Comparison Notes: Thelma & Louise, Wild at Heart, Breaking the Waves

Film Brief: Searching


Searching runs at a nice dramatic pace with no letup.  Everything is from the view of webcams; try to seen in a theater that doesn’t chop off the top and bottom of the screen as did the overpriced place where I saw it.  The film was weakened with an overly simplistic and unsatisfying conclusion, but this is a good movie. 7/10

Film Brief: The Accountant [u]

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Just as quickly as The Accountant builds up periods of true entertainment, it dashes them on the rocks.  Sort of like when the Chargers are up by 3 touchdowns going into the fourth quarter: you know they’re going to lose.  5/10

Notes: Comparison: strangely enough, I didn’t think of any other films when watching this one.  Maybe because in the dull moments I was thinking of enchiladas.  Other: Normally I don’t include the trailer for movies I don’t recommend, but I hold no animosity toward The Accountant.  I was very fond of certain moments and most of the cast — centered on Ben Affleck and Anna Kendrick.  But as I said the film was bungled… or fumbled, to draw back the Chargers analogy.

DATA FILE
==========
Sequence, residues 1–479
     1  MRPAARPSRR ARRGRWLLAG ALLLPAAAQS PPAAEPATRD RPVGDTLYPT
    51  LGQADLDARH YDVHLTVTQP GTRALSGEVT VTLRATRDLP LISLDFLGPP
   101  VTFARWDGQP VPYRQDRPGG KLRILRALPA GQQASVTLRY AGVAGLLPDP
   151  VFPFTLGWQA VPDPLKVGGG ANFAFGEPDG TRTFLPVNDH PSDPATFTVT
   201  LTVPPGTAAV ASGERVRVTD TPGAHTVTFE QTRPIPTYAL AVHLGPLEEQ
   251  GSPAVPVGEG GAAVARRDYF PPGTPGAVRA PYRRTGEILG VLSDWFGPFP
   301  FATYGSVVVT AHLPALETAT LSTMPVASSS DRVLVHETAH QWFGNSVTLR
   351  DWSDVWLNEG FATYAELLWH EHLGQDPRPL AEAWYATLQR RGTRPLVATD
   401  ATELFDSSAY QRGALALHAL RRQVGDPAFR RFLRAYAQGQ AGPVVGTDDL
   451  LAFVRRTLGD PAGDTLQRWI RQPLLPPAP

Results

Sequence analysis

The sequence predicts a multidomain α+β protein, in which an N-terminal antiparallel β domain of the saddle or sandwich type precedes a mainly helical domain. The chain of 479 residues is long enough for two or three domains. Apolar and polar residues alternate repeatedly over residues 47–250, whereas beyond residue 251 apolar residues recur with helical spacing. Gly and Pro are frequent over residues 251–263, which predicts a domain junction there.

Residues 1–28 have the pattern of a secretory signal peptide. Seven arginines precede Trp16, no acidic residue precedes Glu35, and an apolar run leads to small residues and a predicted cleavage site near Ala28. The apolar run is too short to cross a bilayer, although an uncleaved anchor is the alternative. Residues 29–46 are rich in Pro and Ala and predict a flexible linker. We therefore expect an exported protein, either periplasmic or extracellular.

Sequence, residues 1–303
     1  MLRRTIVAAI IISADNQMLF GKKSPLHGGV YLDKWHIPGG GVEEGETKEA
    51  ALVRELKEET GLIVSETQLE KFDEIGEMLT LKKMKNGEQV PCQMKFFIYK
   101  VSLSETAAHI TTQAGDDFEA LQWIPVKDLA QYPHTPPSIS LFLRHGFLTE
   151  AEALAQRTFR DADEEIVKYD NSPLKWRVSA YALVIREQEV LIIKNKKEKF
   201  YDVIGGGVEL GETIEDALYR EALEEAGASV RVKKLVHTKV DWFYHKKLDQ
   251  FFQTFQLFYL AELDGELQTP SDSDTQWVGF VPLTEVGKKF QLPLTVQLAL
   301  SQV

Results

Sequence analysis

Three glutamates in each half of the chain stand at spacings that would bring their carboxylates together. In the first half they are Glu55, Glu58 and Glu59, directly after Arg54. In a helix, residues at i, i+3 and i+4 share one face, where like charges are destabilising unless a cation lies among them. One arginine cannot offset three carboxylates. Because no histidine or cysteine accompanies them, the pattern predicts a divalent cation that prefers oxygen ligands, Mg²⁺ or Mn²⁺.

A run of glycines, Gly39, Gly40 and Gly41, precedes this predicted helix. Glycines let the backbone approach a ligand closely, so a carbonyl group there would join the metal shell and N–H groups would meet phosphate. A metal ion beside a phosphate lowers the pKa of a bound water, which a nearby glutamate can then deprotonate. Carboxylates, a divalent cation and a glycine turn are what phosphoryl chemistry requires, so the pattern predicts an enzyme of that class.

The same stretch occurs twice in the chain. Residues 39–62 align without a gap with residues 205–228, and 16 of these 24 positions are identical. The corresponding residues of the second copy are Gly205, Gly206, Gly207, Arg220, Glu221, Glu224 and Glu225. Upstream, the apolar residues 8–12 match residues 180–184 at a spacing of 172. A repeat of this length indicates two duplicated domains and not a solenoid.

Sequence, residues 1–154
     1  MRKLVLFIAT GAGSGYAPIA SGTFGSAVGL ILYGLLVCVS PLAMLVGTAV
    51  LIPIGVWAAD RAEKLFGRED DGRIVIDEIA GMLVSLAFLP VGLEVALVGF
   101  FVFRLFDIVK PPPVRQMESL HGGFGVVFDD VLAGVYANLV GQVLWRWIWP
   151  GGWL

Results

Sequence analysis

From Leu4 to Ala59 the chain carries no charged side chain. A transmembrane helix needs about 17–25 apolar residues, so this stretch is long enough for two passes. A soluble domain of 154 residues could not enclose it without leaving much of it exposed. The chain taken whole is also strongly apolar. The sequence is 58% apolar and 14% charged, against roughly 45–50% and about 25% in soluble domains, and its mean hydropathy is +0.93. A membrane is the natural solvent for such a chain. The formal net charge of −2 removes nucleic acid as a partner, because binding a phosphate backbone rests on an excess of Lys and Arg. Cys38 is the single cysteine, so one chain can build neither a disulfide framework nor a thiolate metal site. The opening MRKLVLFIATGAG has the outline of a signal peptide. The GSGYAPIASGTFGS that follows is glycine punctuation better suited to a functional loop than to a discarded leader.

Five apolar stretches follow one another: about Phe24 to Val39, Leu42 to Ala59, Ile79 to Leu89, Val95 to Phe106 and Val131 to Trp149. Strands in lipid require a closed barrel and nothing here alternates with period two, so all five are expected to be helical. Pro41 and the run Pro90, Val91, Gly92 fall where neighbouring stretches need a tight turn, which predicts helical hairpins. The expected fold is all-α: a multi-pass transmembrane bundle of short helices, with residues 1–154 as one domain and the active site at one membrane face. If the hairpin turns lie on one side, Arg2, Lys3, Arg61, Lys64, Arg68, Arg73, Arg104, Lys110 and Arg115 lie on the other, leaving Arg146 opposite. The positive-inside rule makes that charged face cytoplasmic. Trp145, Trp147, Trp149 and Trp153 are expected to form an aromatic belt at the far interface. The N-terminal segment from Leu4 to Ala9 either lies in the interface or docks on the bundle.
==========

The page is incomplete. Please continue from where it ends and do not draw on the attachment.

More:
You could even say it’s some kind of masterpiece compared to the dismal Girl on the Train.

UPDATE (1/28/17) — Yes they dropped the ball here.  But there’s a nice entertainment factor that shouldn’t be wiped away.  And Anna Kendrick… gotta love her.  6/10

VOD Log: Two Step

Two Step - poster

Credit to my sister for bringing this low budget indie to my attention.  Two Step features a good, tense storyline driven by one mean hombre.  But a movie needs depth.  6/10

Availability: Netflix, iTunes

Two Step - text blockComparison Notes: (all recommended, and better examples of what Two Step was trying to achieve): I’ll See You in My Dreams, Last House on the Left, Eden Lake, Vacancy

Cinematic Greats: 48 Hrs.